Jason Bradshaw's passion (some might say "obsession") for improving the customer experience hit him at a young age. "When I was 14, I started my first business, selling computer hardware and software items. And always, since then, it's been the customer experience that catches my eye and engages my thought processes." Bradshaw has subsequently worked across a number of industries, focusing on delivering improvements in customer (as well as employee) experience. These include some of Australia's largest organizations: Target, Telstra, Suncorp Optus, Fairfax Media and the New South Wales State Government.

Bradshaw, who now serves as Volkswagen Australia's Director of Customer Experience, his title since 2015, tells me that the idea that underscores his work throughout has been this:

Organizations have the potential to vastly improve individual lives."

I asked Bradshaw to share his thoughts on improving the customer experience and thriving as a leader in business. 

Micah Solomon: Introduce me briefly to your current role.

Jason Bradshaw, Director of Customer Experience, Volkswagen Group Australia: I'm responsible for multiple key touchpoints that impact our customers' experience. The following teams report to me-Contact Center Operations, Roadside Assistance, Network Training, Customer Experience & Loyalty Programs, Customer Insights & Reporting and CRM Systems-and through them I am able to drive our ability to delivering a better customer experience today than we did yesterday. Equally important, and equally an obsession of mine, is supporting our Dealer Partners to achieve the same.

Solomon: What were the first steps you took toward improving the customer experience?

Bradshaw: The first thing that we did when my role and division were formed was to set a clear strategy and some baseline understandings. We've defined customer experience as combining three elements: success (was the customer able to achieve what they wanted to?); effort (was success achieved with the amount of effort-or, ideally, a little less than expected?); and emotion (did we create an emotional connection that makes our customer want to positively share their experience? Defined this way, customer experience transcends Customer Satisfaction and Customer Service.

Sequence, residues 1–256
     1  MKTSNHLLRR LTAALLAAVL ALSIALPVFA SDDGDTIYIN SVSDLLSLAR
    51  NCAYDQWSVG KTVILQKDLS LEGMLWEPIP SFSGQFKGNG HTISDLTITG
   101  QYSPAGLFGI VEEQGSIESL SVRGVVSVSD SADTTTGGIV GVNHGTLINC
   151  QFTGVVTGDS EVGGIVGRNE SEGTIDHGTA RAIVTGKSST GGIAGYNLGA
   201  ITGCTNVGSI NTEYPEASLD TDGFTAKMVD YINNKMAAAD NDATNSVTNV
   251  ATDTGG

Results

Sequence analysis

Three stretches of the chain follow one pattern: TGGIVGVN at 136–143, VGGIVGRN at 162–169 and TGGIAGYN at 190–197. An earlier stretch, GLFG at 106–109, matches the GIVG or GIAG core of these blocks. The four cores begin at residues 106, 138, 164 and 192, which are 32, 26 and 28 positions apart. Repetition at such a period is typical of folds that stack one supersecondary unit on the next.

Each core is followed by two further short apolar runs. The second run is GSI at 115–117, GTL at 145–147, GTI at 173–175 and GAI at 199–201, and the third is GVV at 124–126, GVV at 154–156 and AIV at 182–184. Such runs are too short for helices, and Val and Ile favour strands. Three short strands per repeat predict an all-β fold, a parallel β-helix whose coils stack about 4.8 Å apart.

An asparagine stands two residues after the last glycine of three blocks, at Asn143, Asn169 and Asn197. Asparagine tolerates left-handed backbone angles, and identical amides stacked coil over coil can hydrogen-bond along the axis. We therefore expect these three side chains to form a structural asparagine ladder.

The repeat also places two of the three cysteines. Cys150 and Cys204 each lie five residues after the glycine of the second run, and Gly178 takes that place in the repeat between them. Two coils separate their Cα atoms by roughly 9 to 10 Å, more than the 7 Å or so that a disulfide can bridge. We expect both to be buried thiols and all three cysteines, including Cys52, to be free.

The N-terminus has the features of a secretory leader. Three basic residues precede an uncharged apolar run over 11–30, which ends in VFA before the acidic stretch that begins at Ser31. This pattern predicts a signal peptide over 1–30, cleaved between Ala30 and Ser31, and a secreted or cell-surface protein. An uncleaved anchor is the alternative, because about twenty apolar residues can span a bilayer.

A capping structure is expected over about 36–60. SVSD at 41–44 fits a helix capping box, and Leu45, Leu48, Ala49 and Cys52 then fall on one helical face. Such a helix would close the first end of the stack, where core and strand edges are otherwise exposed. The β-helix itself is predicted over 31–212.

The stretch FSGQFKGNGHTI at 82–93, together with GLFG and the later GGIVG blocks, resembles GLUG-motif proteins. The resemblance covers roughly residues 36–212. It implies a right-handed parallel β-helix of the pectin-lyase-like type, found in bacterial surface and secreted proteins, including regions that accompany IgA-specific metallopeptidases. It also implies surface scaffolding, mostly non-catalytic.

At the same time, we defined a specific set of core customer experience principles. Importantly, we didn't do this in a vacuum; we wanted these principles to be based on the expectations of our customers-the feedback of over 100,000 of our customers. By doing it this way, we know that if we deliver on them, we're achieving, or slightly exceeding, our customers' expectations.

Also, with more than 100 dealer partners, it was important for me to drive understanding and focus with them as well, as rapidly as possible. The starting point for this was developing an interactive online training platform, and since then we have conducted a national customer experience summit to increase skills and motivate our people managers across all dealerships, as well as revamping our measurements and employee and customer listening platforms.

Solomon: Can you share some tips that might help my readers in these areas?

Bradshaw: Here are three:

1 - Clearly define what you mean by the terms Customer Service-Customer Satisfaction- Customer Experience. Everyone has their own interpretation of what these terms mean, and it's helpful to have a common organizational definition so you are all travelling in the same direction.

2 - If you're serious about building a sustainable customer experience, get serious about delivering an experience for your employees that matches or exceeds the one you want your customers to have.

3 - Commit to constant learning. This can be through reading, or by attending loads of industry seminars. Since the age of 13 I have read a book a month (on average) focused on the areas that I am passionate about or need to up my knowledge on to help me drive forward on my goals.

Solomon: Did any book in particular get you started?

Bradshaw: I can still remember the first business-oriented book I read; it was The Pursuit of WOW! by Tom Peters-

Solomon: One of my favorites as well! I still have the audiocassettes in my old station wagon.

Bradshaw: A Volkswagen I hope!

Solomon: That old beast only dream of being a Volkswagen.

Bradshaw: I'm a huge fan of audiobooks­­ myself, because I can listen to them in the car and on the plane. I find it important as well, when I find a book, article, video or podcast that really gets me excited, to share it with my direct team.

Solomon: Now comes true confessions time: Anything you can share that you would have done differently in your career­-something that readers can learn from rather than repeating a mistake themselves?

Bradshaw: Early in my career, I spent a lot of time acting in other roles-Team Manager, Process/Subject Matter Expert, Workforce Planning Manager, etc.-basically, I was the guy who would put up his hand and say, "I'll do that job!" whenever someone took vacation time. It was great; I got a lot of exposure to different ways of working, and to different stakeholders and challenges, but I ran the risk of becoming too much of a generalist.

It wasn't until a mentor of mine tapped me on the shoulder and asked me what I wanted to be "famous" for. I instantly said, "customer experience," and with that, my mentor asked me to step back and evaluate my next career move.

Having a breadth of experience certainly helps-but it was important, at that time in my career, to develop that laser focus, so that I could get to where I am today.

[Author's Disclosure from Micah Solomon: As a customer experience consultant and keynote speaker, I have had professional engagement with Volkswagen Australia.]